STATE HOUSE NEWS: Nearly $1 trillion aid package still in mix
As originally appearing in State House News Service via The Herald News

By Katie Lannan
December 14, 2020

U.S. Rep. Katherine Clark participated in a New England Council webinar Monday where said it was "mind-boggling" that Congress had not yet passed a federal relief package.

With some federal programs set to expire this month and a complex series of efforts to distribute COVID-19 vaccines now kicking off, it is critical that Congress agree to and pass another relief package, U.S. Rep. Katherine Clark said Monday.

“It is mind-boggling that we are here in mid-December still discussing if we are going to do a package,” Clark, a Melrose Democrat who was elected assistant speaker last month, said at a New England Council webinar.

Clark spoke to the business group as the first doses of COVID-19 vaccines were arriving in Massachusetts, and with a bipartisan group of lawmakers reportedly ready to present a plan that involved splitting a stimulus package into two pieces.

U.S. Rep. Katherine Clark participated in a New England Council webinar Monday where said it was “mind-boggling” that Congress had not yet passed a federal relief package.
The proposal involves breaking out a $160 billion bill with state and local government aid and corporate liability protections from a $748 billion portion with unemployment benefits, small business relief and money for education and vaccine distribution, Roll Call reported.

“This bifurcation does have the potential of leaving state and local governments behind, and I simply don’t see how we do that, so I think that we have to continue to work on passing what we can,” Clark said.

Clark said she has “not given up on state and local government” and hopes “that we can get the package in the totality.”

New England Council President and CEO James Brett noted that Senate Majority Leader Mitch McConnell has been resistant to the idea of additional money for state and local governments and that the liability language has also been a sticking point.

With Republicans in control of the Senate and Democrats holding the House majority, Brett asked Clark if she and her colleagues would take the narrower $748 billion bill as a starting point and return to the other issues in January, when the new Congress is seated and the Biden-Harris administration is in the White House.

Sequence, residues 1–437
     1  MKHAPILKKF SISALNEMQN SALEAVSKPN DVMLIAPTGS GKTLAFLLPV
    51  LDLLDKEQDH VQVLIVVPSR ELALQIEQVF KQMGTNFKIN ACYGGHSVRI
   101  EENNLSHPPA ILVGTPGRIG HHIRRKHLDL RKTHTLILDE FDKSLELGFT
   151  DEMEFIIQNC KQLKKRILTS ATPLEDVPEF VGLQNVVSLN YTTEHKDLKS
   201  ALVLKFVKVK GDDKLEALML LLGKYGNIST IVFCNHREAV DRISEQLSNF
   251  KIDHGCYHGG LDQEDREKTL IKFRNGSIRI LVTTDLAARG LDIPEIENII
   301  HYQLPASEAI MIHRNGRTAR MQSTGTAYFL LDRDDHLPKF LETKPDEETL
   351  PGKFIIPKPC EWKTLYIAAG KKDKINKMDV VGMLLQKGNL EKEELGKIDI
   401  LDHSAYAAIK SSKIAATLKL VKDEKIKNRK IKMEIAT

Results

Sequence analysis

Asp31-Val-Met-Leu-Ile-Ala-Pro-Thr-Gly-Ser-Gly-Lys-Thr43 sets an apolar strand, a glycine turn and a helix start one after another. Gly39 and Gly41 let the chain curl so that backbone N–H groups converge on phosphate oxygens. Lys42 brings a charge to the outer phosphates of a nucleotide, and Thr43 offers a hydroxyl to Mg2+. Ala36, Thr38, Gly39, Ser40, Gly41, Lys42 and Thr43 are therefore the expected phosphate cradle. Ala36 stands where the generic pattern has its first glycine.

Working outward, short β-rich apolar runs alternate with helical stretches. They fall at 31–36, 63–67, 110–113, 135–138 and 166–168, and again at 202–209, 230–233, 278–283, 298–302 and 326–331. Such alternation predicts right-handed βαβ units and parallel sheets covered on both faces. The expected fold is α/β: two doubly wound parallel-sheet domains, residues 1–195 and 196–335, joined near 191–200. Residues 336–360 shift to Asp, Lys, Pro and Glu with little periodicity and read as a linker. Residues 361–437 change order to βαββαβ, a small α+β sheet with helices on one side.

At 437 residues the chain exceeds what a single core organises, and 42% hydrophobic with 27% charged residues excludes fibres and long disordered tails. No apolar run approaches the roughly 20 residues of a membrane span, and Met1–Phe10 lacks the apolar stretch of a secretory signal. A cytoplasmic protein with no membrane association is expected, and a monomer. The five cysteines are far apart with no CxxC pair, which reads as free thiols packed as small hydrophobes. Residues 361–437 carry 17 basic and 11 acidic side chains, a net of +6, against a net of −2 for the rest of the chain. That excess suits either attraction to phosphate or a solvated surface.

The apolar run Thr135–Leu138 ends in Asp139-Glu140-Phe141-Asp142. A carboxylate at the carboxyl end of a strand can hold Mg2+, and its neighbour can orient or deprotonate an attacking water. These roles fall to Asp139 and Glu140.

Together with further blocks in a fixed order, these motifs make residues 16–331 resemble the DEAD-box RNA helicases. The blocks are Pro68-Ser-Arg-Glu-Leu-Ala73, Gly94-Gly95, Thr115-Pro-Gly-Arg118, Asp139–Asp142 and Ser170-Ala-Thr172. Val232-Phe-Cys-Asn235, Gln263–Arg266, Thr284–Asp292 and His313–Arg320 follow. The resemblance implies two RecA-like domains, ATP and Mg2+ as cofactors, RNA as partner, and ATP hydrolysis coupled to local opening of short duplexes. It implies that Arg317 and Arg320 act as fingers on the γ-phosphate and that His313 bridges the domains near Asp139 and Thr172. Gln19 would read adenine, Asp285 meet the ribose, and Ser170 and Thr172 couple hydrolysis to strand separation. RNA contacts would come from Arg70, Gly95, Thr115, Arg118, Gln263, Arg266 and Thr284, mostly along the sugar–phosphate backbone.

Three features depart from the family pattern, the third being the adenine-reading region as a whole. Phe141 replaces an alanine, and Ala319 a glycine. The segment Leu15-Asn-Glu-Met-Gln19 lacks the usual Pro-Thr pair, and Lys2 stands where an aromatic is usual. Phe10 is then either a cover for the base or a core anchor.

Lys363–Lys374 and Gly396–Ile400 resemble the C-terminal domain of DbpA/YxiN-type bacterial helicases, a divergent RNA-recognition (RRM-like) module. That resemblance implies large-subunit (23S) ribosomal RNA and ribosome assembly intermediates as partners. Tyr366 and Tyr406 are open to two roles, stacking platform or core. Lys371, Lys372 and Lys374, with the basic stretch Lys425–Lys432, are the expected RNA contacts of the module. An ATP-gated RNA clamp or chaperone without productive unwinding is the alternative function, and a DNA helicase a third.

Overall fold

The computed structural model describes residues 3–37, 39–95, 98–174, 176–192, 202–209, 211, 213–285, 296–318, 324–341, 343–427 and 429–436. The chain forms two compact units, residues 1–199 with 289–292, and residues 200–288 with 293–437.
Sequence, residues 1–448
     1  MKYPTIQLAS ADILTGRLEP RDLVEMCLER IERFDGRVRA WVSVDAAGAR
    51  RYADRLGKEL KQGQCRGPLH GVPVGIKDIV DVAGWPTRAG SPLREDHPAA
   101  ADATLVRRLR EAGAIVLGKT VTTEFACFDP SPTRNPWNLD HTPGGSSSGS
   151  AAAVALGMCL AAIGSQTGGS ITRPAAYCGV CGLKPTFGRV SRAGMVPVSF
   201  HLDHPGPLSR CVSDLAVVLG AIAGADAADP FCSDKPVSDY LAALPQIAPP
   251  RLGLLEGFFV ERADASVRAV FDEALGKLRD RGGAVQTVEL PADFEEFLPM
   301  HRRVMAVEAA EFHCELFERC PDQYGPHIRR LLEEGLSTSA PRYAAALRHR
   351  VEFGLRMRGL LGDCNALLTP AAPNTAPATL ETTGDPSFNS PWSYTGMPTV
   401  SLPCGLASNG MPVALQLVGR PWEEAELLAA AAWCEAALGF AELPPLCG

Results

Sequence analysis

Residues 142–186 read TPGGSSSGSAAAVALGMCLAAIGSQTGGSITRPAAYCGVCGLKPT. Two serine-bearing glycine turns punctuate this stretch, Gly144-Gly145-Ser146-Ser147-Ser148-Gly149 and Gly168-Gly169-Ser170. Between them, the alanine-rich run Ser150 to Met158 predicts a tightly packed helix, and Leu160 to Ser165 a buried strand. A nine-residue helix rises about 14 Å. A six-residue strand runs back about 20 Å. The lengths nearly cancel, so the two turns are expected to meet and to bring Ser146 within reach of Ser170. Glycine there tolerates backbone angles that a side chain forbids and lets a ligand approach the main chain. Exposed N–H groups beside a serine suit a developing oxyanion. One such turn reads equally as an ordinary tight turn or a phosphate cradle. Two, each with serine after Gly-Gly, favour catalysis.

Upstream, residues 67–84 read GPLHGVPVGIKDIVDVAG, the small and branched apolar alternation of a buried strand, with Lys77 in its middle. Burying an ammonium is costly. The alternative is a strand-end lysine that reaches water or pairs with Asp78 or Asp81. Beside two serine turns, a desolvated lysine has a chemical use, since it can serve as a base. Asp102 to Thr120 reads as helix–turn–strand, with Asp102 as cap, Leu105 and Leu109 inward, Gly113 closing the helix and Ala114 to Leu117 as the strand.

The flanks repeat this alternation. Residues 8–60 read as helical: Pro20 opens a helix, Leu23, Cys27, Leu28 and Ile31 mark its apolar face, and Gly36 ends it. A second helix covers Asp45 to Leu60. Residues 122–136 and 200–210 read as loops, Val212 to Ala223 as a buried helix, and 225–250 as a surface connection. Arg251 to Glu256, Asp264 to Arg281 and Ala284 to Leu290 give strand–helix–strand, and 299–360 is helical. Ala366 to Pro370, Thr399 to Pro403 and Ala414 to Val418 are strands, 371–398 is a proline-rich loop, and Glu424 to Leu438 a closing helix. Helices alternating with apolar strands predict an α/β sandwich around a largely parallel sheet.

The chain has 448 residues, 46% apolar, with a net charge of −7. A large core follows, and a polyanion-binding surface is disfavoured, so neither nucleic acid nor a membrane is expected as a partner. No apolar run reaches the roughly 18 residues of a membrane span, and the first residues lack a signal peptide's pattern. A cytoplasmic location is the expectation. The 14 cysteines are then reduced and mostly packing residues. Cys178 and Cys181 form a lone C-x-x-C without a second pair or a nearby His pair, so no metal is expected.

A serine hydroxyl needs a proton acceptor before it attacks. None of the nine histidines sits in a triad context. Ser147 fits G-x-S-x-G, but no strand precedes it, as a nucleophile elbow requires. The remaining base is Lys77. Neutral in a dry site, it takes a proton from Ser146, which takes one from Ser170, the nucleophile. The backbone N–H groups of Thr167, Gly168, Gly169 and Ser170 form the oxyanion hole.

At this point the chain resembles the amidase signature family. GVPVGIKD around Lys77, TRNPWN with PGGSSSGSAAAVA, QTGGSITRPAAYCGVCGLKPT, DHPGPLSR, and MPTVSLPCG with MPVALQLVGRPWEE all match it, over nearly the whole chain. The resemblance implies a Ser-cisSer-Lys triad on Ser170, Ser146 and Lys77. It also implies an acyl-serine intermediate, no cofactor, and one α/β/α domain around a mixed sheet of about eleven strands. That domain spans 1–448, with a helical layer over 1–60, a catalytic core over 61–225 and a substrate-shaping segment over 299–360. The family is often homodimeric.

“Well, we are not leaving until we have real relief,” Clark said. “I’d like it to include state and local government, but we’re not going to leave that money on the table because that is lives. It is that stark. That is how people are going to be able to survive, literally and financially. This is a series of bad choices, but we just simply cannot leave without extending these programs, extending the PPP program, putting money into vaccine distribution. I hope we can get both.”

She said a package now would serve as “a bridge to a new administration, and maybe a new majority leader in the Senate.”

A pair of runoff races in Georgia, both involving Democratic challengers vying to unseat GOP incumbents, will determine if Republicans maintain their Senate majority in the new year.

“We won’t know until January 5th, but what we do know is the American people cannot afford for Mitch McConnell to continue to hit that pause button,” Clark said. “They are literally dying waiting for us to act.”

She said negotiations have “come down to a series of impossible decisions about who are we going to leave behind in order to get any relief to the American people,” knocking Republicans who she said “keep moving the goalposts.”

Clark called it “undeniably exciting” to see the rollout of vaccine doses begin this week, acknowledging there is still a long way to go before the population is effectively immunized against COVID-19.

“We have to provide the financial assistance to state and local governments to support the equitable distribution of a vaccine that is going to be costly and logistically challenging at a time when cities and states are strapped for cash,” she said.

In his own remarks on Monday, McConnell said that for “literally months, both sides in Congress “have known roughly what the shape of a compromise rescue package could look like,” but said “partisan dynamics and political posturing have prevented us from getting more relief out the door, even in areas where nobody even claims to disagree.”

He urged approval of funds to speed the national vaccination effort.

“This is the support that state and local governments need most urgently. Not unfettered slush funds for non-COVID-related needs that predate the pandemic; but incredibly urgent, targeted money to get citizens vaccinated and finish this fight,” McConnell said.

McConnell also urged action on aid to the unemployed and struggling small businesses.

“Either 100 Senators will be here shaking our heads, slinging blame, and offering excuses about why we still have not been able to make a law … or we will break for the holidays having sent another huge dose of relief out the door for the people who need it,” he said.

 

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